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Bipolar Disorders destroy domestic peace

Ramachander (not his real name) is aged 32. While at the University studying law, he felt stressed and developed severe depression, which responded to medicine and talking therapy.

When on medication initially, he continued to feel low and ordered St John’s Wort from the local health food shop and started taking it.

After two weeks, he went high and felt energetic and excited.

Reckless spending

He started spending money that he did not have, buying things that he did not need. He bought several expensive watches on his credit card and stood on the high street giving them away.

He was admitted and settled down. Since then, he has four episodes of feeling high and two of feeling low. His grandfather and an uncle have had similar experiences.

Feeling low

Bipolar disorder is a psychiatric condition in which mood swings occur between low and high. Being low can be depressive with feelings of sadness and unhappiness. Like symptoms of depression such as sadness, uselessness, helplessness, hopelessness, worthlessness, poor self-esteem, a lack of energy, feeling sad and unhappy, tearful, poor concentration, suicidal ideation and thoughts, inability to make decisions.

These symptoms may be accompanied by changes in appetite (too much or too little weight (gain or loss), poor sleep, waking up early in the morning and avoiding people. Libido may be very poor. Mood changes may be related to the time of the day.

Getting high

When high the individual may feel full of energy, creative ideas, excited and happy, on top of the world without any reason, may feel important with thoughts racing. Their speech cannot keep pace with their thoughts.

They may feel overactive, become extravagant, make unrealistic plans and be unaware of their illness.

In both types of mood changes, the individual may feel irritable. Those with a serious condition may have symptoms of psychosis such as hearing voices or seeing things which do not exist. They would have abnormal experiences, believing that they are on an important mission with immense power.

The causes

Bipolar disorder runs in families. There may be physical reasons and sometimes episodes may be precipitated by stress or life events.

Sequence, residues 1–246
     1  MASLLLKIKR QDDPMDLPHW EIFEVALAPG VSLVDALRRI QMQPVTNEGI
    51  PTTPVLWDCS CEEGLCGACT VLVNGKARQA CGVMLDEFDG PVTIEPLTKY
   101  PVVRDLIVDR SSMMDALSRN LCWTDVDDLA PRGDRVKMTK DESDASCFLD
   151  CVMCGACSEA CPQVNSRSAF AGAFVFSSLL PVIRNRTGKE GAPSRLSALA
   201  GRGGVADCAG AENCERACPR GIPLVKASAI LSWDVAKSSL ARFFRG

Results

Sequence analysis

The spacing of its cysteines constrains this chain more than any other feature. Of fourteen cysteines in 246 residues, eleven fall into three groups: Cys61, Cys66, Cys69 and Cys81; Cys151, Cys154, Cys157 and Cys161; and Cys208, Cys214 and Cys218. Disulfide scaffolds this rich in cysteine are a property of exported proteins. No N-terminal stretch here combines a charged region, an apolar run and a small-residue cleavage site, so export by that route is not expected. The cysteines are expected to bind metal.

It is important that vulnerable individuals keep an eye on what triggers their mood changes.

Managing the problem

Each episode will be treated with specific anti-depressant or anti-manic medication. Mood stabilisers such as lithium, sodium valproate and carbamazepine can be used. Mood stabilisers do not take away mood swings but make the swings more manageable.

In manic episodes, anti-depressants should be stopped and in depression anti-manic agents may need to be stopped.

Lithium is shown to be effective but regular blood tests to ensure that blood levels are within the therapeutic range are essential.

Therapeutic treatment

Talking treatments can help understand managing the mood swings. Different types of therapies can help. Of these, there is some research evidence that cognitive behavioural therapy and couple therapy can help identify stressors at an early stage and interventions put in place.

It would be helpful if those affected maintain a ‘mood diary’ for about three months to identify which of the two conditions, if any, are more common.

Relatives and friends can help by being supportive, understanding and enable patients to navigate their illness.

Seeing a GP as soon as possible and specialist intervention can help reduce the duration and severity of mood swings.

There may be local organisations which can help and support both the patients and their families.

Dr Dinesh Bhugra is Professor of Mental Health and Cultural Diversity at the Institute of Psychiatry, King’s College London and Honorary Consultant at the Maudsley Hospital, where he runs a sexual and couple therapy clinic. He was earlier President of the Royal College of Psychiatrists and Chair of the Mental Health Foundation. He is a Trustee of Care-if. He will take charge as President of the World Psychiatric Association in September 2014. In early 2012, Queen Elizabeth II honoured him with appointment as a Commander of the Order of the British Empire (CBE).

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